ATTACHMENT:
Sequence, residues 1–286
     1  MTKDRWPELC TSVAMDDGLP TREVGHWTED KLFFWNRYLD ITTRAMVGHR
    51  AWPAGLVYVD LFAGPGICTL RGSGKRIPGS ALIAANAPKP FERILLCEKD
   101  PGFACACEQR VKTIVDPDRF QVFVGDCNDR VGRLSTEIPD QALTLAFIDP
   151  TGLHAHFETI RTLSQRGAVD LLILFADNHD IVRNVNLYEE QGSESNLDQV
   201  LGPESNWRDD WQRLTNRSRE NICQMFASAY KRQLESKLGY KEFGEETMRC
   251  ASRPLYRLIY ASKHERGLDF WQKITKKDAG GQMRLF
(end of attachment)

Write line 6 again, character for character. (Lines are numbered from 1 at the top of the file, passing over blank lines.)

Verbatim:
   201  LGPESNWRDD WQRLTNRSRE NICQMFASAY KRQLESKLGY KEFGEETMRC